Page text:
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In this issue we begin an occasional series on public health at different levels.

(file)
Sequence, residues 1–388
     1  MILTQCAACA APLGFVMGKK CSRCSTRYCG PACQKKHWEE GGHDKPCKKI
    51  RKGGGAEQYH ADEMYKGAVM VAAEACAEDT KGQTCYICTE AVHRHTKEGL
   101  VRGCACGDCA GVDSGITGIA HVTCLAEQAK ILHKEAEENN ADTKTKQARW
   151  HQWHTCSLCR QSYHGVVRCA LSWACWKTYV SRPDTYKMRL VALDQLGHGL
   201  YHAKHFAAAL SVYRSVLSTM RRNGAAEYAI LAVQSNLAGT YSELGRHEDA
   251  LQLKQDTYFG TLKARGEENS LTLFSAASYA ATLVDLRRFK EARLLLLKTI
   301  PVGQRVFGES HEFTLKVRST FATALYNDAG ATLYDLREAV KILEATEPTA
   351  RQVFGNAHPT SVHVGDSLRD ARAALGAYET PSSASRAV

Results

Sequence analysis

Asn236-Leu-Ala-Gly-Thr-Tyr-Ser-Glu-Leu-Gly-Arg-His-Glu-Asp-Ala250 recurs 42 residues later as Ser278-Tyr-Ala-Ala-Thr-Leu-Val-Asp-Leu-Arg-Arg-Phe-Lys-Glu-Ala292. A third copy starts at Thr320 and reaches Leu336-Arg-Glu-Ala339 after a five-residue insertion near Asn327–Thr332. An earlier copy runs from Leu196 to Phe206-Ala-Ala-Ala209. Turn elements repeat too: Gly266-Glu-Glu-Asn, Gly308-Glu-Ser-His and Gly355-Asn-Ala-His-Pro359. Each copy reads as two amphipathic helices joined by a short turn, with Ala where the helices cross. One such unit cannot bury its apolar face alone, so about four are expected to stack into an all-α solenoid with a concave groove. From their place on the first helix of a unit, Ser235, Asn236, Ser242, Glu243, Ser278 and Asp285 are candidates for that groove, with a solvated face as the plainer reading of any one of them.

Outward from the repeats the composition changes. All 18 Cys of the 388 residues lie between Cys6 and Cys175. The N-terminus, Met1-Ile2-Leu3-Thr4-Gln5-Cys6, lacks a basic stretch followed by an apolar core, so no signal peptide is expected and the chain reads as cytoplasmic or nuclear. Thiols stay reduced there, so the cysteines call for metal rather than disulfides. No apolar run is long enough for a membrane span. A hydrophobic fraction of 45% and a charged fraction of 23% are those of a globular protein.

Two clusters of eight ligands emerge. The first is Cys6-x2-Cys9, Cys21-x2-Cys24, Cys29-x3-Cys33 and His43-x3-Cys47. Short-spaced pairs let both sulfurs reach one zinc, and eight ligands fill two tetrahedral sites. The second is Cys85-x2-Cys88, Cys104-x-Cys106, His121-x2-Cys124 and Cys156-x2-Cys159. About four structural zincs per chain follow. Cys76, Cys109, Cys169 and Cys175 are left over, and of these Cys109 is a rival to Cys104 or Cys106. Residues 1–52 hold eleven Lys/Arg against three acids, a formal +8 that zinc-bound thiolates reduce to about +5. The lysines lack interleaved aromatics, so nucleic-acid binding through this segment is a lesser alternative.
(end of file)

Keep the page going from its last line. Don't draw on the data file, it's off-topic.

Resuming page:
For a long time it has been the convention to consider health and health care from the perspective of the District Health System derived from local government administrations and allied public sector organisations. In this thinking the district general hospital has loomed large and to an extent it has been complemented by moving down to primary care and up to the national level. Today's post-modern and global world requires new thinking about health and health care systems that recognises changing demographic and environmental contexts, societal change and a shift in emphasis from all encompassing structures to looser, more variegated networks. In such networks particular issues need to be addressed at the population and organisational level that most make sense. Subsidiarity and additionality are the key principles when looking at public health from a neighbourhood, community or village level; from that of borough, town or city, conurbation, region, nation state, global region or the world system itself. We begin with two British perspectives from the national level and from the conurbation of Greater London. We would be happy to consider other contributions from other levels and other parts of the world.
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